Local SEO platform BrightLocal did a survey that found 91% of consumers between the age of 18 to 34 trust reviews as much as personal recommendations. And while first-party reviews can help with your on-site conversions, most customers are looking to independent third-party reviews to confirm whether a product is worth buying or not.
For all the money brands spend on SEO (an estimated $79.27 billion in 2020), you have to wonder how much is being spent optimizing content off their websites.
If the goal is to have outstanding digital product distribution, brands need to invest in managing their presence everywhere their customers are searching for answers.
The Shopping Aisle Dilemma
When you think of how people used to make a purchase, the analogy of the shopping aisle comes to mind. Customers would recognize a need, visit a local store, walk down the appropriate aisle, and likely purchased whatever was best merchandised.
These days, the aisle is the SERP.
Consider these stats:
- 68% of all online experiences begin with a search engine.
- That search engine is most likely Google.
- The top 5 organic results receive around 70% of all the “clicks” within the SERP.
Simply put, Google is the largest and most important customer acquisition platform in the world. And brands have very limited real estate to reach the customer.
This is how we should be approaching modern product / brand distribution. Having your website rank is amazing, but it’s still just 1/10th of the range of options presented on the SERP and perhaps even less when considering your page position.
The onus is on brands to be as ubiquitous as possible in the new shopping aisle: your brand needs to be EVERYWHERE customers are clicking.
Search Behavior is More Predictable Than You Think
If your goal is to compete for customers who just started their buying journey (e.g. not yet decided on what they’re going to buy), there are ways to level the playing field. It’s all about patterns.
Luckily, click behavior in search is incredibly predictable. We KNOW where people click on average, when considering a mix of special SERP features, organic rank, etc.
At Visably, we reviewed millions of SERPs using click-stream data and have been able to map out the click-through-rate (CTR) of over 98% of Google SERP iterations. We use this data to understand what percent of a SERP’s audience any given brand is reaching.
For example, the first organic result, regardless of the keyword, receives an average of 30% of all the clicks when only organic results (no special SERP features) are present. When you review organic CTR data across millions of keywords month-over-month, as Advanced Web Ranking does, the data demonstrates in no uncertain terms that search behavior (where we click) has universal patterns.
This all boils down to the fact that brands have limited real estate to reach a customer. And that real estate is hyper competitive with sites that likely have a much higher Domain Authority than yours.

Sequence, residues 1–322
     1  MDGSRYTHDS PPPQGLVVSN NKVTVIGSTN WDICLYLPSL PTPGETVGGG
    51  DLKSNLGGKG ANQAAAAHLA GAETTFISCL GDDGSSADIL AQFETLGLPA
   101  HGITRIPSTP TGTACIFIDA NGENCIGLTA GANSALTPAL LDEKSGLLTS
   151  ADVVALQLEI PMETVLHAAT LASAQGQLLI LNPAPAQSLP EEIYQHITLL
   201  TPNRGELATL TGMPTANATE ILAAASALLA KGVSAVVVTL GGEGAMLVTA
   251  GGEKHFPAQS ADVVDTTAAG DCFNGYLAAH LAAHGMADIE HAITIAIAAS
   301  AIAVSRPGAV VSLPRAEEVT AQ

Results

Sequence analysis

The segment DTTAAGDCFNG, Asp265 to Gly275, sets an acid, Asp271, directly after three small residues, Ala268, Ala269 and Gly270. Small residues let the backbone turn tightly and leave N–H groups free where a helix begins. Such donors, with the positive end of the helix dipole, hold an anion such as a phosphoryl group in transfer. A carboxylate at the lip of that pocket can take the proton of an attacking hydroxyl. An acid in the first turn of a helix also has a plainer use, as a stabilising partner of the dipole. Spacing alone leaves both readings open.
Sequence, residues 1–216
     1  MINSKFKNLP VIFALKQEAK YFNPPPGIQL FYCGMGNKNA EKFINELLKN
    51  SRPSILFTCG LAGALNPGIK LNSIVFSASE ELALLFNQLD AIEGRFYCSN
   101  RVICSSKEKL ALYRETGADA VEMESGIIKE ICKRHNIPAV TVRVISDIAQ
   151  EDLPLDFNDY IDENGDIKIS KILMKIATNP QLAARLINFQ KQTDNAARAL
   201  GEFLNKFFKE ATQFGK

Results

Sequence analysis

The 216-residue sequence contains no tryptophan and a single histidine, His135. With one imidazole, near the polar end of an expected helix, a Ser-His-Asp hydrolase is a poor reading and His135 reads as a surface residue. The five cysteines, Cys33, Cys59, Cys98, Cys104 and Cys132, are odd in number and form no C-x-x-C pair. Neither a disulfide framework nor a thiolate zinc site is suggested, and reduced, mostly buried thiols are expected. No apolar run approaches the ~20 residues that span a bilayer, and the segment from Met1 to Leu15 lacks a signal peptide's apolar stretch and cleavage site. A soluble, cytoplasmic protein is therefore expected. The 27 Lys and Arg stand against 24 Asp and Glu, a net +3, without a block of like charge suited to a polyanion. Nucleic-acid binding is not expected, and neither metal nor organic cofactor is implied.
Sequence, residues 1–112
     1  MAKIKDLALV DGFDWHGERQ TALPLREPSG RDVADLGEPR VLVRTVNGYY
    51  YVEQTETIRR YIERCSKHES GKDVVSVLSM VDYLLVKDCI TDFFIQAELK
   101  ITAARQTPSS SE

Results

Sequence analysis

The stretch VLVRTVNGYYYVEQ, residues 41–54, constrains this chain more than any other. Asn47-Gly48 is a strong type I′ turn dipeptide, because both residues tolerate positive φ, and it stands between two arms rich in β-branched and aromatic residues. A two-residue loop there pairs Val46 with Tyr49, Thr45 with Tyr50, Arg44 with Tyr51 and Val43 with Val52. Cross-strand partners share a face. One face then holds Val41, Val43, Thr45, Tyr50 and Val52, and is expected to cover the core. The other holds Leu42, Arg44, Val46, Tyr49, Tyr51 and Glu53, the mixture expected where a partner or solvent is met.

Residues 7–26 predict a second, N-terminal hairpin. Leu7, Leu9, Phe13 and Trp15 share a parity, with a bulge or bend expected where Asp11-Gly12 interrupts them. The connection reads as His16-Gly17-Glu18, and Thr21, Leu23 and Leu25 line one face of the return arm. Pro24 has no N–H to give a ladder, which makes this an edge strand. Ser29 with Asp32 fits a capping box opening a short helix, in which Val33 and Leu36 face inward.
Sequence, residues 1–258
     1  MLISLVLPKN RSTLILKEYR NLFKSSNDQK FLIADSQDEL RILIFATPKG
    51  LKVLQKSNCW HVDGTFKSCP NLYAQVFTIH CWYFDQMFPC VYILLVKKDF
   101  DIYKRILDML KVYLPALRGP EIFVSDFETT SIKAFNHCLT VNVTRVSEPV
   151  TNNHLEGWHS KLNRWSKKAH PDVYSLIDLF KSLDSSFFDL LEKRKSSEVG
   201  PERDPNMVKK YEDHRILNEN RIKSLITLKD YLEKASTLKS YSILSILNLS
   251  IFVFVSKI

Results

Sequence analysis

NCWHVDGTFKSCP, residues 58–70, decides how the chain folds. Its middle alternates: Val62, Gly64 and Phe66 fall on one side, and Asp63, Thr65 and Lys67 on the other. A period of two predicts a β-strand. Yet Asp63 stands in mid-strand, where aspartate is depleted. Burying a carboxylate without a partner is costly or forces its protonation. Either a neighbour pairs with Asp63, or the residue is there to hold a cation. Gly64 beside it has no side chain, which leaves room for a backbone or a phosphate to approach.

Take a search like organic lipstick for example. There’s not a single brand-owned website in the top ten! But there are plenty of products to browse in this digital shopping aisle. But even though their website’s aren’t present, cosmetic brands should actively manage what customers see here.
To do this, they’ll have manage how their brand is presented on 3rd-party sites that do rank.
The same goes for products with much longer customer journeys than cosmetic products. To illustrate this, Google produced a case study that found something very interesting — one woman had as many as 900 intent-driven microments in the 3-month period leading up to the purchase of her new car.
It is safe to assume that bigger purchases have more extensive customer journeys. But there are several companies with much smaller price tags who understand the importance of being everywhere their customers are online.
One brand that has been nailing this for a while: Hubspot.
Even though Hubspot ranks for many of their target keywords, they also know they need to have a larger digital presence than just their own website. So in addition to their own SEO efforts, Hubspot also focuses on having their product listed in high-trust affiliate sites, blogs, and review sites that reinforce their brand and improve the likelihood of an inbound demo request or sale.
Hubspot is so keen on the idea that they coined a new phrase to describe it: Surround Sound Strategy.
The idea is much like what we’ve been talking about here: if the goal is to be everywhere a customer is looking for answers, you can’t rely on your own website alone.
Share of Search vs. Search of Voice vs. Rank Tracking
So how do you know if your brand is reaching customers in the SERP? Traditional marketing metrics aren’t much help.
Share of Search
Share of Search falls short of what we need because it only considers branded searches (e.g. product awareness). It doesn’t measure brand strength WITHIN the SERP, which requires analysis of individual search results. And what do you do when there is no trend data to draw from, as is the case with new product and brand launches?